Even our one principal character that was actually human, ended up being a big make-up. That being a bald cap with no collar in the back of the costume. This bald cap ultimately, was shot in extreme close-ups at the end of the day during one of the most dramatically important scenes of the movie. To make matters even more complicated, our actor requested that we not put any glue in his hair. For these most critical scenes, we did a double bald cap and a latex cap covered by a vinyl cap. The latex cap gave us the tension and strength we needed to push down his hair, create a good head shape and give us a glue down that would last for the long day of shooting. The vinyl cap further enhanced the proper head shape and gave us a better cosmetic finish with superior edges.
The stunt unit was headed up by legendary martial artist Sammo Hung. In China, legendary martial artists are highly revered and get carte blanche as stunt coordinators/second unit directors. So on any given day, we could have the any or all of our main characters working on our principal unit, along with fully made up and suited stunt doubles on the second unit which were often shot in close-up. And to make matters even more complicated, these various make-ups could be working at different locations, at any hour of the day and would often travel to and from the two different units as they were needed by the two different directors. Given their autonomy and shoot-from-the-hip approach to filmmaking and stunt choreography, the stunt crew would go through our foam rubber body suits like a hot knife through butter. We were scrambling to rebuild these suits on a daily basis while rush ordering new suits from Los Angeles. This became a repetitive routine since we could not get any kind of estimates from either unit as to how many days each character would eventually work. What started out as a build of three Monkey King suits turned into 10, after stunts literally tore through all of our suits in a matter of a few weeks. It was even worse for the Sand Monk. To accommodate this intense, ever-changing, massive erratic workload, we found ourselves sometimes working 20 to 30 days straight. There are no weekends in China. Every day was Wednesday.
The biggest challenge and in many ways, the most original and innovative make-ups we did, were three full-body beautiful demon make-ups. One of the many challenges these make-ups presented was to keep them elegant despite being complicated full prosthetic demons from head to toe. We strove to preserve the natural beauty of our actresses while taking them far away from the human form and coloration. Each demon had a distinct character, a bat, a snake and a porcupine. We kept the overall color scheme in the ghostly pastel range with specific accent colors and patterns for each demon. The porcupine had hundreds of individual quills glued in her back and head prosthetics. For the snake and porcupine, we brought the actresses in days ahead of time, put the actresses in body stockings, pre-glued their prosthetic backs, legs and shoulder pieces, blended them and then scissored out all extra body stocking.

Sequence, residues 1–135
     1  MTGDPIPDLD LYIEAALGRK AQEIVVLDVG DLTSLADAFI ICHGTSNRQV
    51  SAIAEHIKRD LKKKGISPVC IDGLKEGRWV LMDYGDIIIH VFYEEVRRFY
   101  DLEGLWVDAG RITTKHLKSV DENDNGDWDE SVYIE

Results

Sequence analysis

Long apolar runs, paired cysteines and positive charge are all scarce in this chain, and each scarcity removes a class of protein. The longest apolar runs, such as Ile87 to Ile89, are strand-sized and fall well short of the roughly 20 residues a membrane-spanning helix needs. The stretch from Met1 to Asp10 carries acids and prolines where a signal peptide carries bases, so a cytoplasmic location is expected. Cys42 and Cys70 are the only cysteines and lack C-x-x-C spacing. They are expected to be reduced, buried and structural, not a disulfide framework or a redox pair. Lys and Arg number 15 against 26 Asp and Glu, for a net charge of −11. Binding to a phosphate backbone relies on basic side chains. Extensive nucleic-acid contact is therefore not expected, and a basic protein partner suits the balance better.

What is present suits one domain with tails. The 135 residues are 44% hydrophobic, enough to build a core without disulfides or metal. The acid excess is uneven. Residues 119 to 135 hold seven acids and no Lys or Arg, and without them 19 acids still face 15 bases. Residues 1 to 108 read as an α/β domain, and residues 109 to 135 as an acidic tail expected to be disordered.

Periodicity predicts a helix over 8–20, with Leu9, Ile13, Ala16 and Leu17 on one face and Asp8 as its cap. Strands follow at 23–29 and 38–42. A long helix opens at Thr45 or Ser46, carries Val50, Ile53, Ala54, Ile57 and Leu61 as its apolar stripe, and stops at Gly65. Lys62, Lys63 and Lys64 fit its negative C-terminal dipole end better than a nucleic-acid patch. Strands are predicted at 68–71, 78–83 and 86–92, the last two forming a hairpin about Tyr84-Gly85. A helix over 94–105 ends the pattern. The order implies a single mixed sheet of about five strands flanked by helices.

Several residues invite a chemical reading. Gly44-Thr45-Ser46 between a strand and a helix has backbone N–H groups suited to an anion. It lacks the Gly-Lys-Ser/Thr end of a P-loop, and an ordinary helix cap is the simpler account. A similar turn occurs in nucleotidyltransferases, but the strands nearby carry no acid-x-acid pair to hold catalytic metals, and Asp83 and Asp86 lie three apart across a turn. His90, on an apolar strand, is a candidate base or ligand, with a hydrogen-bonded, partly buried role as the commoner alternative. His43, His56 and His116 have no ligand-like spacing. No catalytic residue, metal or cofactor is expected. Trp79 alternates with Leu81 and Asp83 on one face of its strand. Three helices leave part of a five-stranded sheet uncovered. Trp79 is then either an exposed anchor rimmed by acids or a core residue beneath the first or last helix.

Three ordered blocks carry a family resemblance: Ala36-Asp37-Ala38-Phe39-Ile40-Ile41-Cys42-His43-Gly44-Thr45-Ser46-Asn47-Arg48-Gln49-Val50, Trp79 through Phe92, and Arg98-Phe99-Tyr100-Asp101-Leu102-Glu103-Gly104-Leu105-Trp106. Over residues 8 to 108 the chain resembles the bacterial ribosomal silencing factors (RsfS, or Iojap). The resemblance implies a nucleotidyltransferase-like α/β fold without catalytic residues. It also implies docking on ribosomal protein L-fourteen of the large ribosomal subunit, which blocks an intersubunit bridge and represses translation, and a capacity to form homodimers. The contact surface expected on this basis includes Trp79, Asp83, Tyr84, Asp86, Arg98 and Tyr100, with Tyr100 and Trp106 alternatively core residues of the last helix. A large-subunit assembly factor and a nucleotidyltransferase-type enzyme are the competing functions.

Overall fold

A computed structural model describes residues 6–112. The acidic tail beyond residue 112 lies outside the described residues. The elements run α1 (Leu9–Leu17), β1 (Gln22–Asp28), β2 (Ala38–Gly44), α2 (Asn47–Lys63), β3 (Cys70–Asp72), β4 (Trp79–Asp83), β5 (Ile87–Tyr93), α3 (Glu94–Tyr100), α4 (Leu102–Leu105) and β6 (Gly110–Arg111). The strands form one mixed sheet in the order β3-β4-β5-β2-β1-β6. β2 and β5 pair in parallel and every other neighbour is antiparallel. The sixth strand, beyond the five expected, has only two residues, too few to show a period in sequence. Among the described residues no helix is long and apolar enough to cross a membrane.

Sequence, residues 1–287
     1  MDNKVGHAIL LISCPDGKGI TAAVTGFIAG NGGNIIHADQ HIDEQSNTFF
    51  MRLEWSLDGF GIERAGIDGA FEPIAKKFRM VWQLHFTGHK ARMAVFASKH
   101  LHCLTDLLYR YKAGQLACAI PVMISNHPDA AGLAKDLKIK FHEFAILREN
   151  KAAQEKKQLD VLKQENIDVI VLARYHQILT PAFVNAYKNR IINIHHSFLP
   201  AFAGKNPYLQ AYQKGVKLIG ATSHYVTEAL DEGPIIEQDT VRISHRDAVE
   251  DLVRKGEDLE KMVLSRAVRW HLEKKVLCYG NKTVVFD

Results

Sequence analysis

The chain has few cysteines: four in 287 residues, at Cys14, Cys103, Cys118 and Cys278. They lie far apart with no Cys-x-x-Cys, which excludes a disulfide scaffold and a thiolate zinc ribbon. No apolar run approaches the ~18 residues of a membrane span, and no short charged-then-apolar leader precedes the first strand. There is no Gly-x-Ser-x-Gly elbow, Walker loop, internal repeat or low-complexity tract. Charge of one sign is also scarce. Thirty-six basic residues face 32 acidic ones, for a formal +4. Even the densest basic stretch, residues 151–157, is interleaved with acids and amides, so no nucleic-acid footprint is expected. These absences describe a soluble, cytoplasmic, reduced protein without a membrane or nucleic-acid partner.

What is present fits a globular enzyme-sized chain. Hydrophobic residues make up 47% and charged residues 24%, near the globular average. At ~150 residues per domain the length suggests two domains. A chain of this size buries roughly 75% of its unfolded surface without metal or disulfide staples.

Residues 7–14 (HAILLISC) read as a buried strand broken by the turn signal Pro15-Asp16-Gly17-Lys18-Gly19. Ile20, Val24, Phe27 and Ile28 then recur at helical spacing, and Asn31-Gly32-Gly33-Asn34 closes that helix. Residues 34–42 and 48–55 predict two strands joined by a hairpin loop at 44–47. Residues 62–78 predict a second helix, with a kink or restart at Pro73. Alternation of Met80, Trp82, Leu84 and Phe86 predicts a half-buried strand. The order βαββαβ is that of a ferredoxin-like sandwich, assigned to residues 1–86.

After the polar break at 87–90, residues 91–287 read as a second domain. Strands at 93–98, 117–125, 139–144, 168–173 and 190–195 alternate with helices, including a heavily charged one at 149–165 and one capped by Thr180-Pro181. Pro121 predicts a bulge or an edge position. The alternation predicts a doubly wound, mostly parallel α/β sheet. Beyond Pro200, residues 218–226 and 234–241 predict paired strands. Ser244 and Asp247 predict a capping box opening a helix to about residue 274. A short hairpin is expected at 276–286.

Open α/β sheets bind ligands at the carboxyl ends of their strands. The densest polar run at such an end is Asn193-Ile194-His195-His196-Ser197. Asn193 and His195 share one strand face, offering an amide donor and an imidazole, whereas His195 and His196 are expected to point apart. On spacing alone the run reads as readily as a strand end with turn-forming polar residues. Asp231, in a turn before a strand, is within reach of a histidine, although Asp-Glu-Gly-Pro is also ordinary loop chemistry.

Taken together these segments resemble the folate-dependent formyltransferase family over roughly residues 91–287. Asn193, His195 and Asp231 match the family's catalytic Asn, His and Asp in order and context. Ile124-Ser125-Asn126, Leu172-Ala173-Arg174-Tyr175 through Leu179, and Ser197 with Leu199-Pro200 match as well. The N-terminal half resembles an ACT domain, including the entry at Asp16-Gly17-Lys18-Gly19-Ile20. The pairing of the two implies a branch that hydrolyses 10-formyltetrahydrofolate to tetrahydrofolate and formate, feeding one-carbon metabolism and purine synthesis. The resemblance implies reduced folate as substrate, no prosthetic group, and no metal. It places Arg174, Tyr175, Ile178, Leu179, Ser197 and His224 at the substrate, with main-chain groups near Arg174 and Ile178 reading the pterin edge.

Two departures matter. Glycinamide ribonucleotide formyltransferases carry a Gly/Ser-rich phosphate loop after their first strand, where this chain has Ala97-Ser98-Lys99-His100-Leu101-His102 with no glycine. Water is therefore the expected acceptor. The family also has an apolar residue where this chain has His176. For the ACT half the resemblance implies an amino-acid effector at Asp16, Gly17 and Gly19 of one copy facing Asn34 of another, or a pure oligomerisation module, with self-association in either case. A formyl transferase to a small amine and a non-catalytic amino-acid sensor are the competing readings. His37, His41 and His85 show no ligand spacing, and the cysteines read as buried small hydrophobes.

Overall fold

This gave us a form-fitting pre-assembled and pre-painted large body prosthetic. On the days they worked, this full piece was completely glued onto their bodies. We did this to prevent the large piece/body stockings from buckling when they moved and also preserving as much of their underlying form to create an illusion of a smooth continuous demonic body with no trace of any kind of costume. The Bat had silicone arms, foam rubber breast and privacy prosthetics, along with a full back prosthetic. All three demons had full foam rubber prosthetic cowls and silicone facial pieces to blend the elaborate cowl designs into their faces. Once all the separate elements were glued on and blended, we tied everything together with airbrush coloring and an airbrushed beauty make-up that used the same colors and patterns as the full-body paint scheme. Scleral contact lenses, acrylic teeth and claws completed the look. Each demon make-up took about seven hours from start to finish. Everyone on the crew came together to take part in this dance under the leadership and direction of Dan Rebert. On our first day, with all three demon girls working together, along with our piggy and Sand Monk, we did their make-ups for seven hours, shot for 22 hours. Then, ended the day with a four-hour make-up removal. One of our demon girls was so exhausted that she literally fell asleep, standing up and had to be caught before hitting the ground.
Despite all of our obstacles, challenges and surprises, we managed to bring to the screen an epic movie with a wide array of epic make-ups. It took the best efforts of everyone involved to make it happen.•